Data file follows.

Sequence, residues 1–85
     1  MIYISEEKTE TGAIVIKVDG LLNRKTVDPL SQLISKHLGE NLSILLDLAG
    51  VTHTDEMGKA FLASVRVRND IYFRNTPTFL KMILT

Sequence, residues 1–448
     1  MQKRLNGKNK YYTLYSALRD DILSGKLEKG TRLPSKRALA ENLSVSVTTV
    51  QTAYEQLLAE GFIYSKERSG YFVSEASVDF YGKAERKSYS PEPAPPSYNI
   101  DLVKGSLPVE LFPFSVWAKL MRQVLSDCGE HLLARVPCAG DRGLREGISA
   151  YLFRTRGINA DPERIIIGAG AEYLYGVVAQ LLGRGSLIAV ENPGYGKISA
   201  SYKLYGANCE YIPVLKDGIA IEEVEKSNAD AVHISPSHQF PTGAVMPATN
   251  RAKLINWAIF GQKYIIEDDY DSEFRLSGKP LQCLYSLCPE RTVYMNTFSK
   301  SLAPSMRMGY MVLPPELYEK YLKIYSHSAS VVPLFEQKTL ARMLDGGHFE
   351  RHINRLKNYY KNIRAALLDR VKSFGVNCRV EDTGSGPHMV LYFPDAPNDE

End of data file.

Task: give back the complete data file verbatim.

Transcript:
Sequence, residues 1–85
     1  MIYISEEKTE TGAIVIKVDG LLNRKTVDPL SQLISKHLGE NLSILLDLAG
    51  VTHTDEMGKA FLASVRVRND IYFRNTPTFL KMILT

Sequence, residues 1–448
     1  MQKRLNGKNK YYTLYSALRD DILSGKLEKG TRLPSKRALA ENLSVSVTTV
    51  QTAYEQLLAE GFIYSKERSG YFVSEASVDF YGKAERKSYS PEPAPPSYNI
   101  DLVKGSLPVE LFPFSVWAKL MRQVLSDCGE HLLARVPCAG DRGLREGISA
   151  YLFRTRGINA DPERIIIGAG AEYLYGVVAQ LLGRGSLIAV ENPGYGKISA
   201  SYKLYGANCE YIPVLKDGIA IEEVEKSNAD AVHISPSHQF PTGAVMPATN
   251  RAKLINWAIF GQKYIIEDDY DSEFRLSGKP LQCLYSLCPE RTVYMNTFSK
   301  SLAPSMRMGY MVLPPELYEK YLKIYSHSAS VVPLFEQKTL ARMLDGGHFE
   351  RHINRLKNYY KNIRAALLDR VKSFGVNCRV EDTGSGPHMV LYFPDAPNDE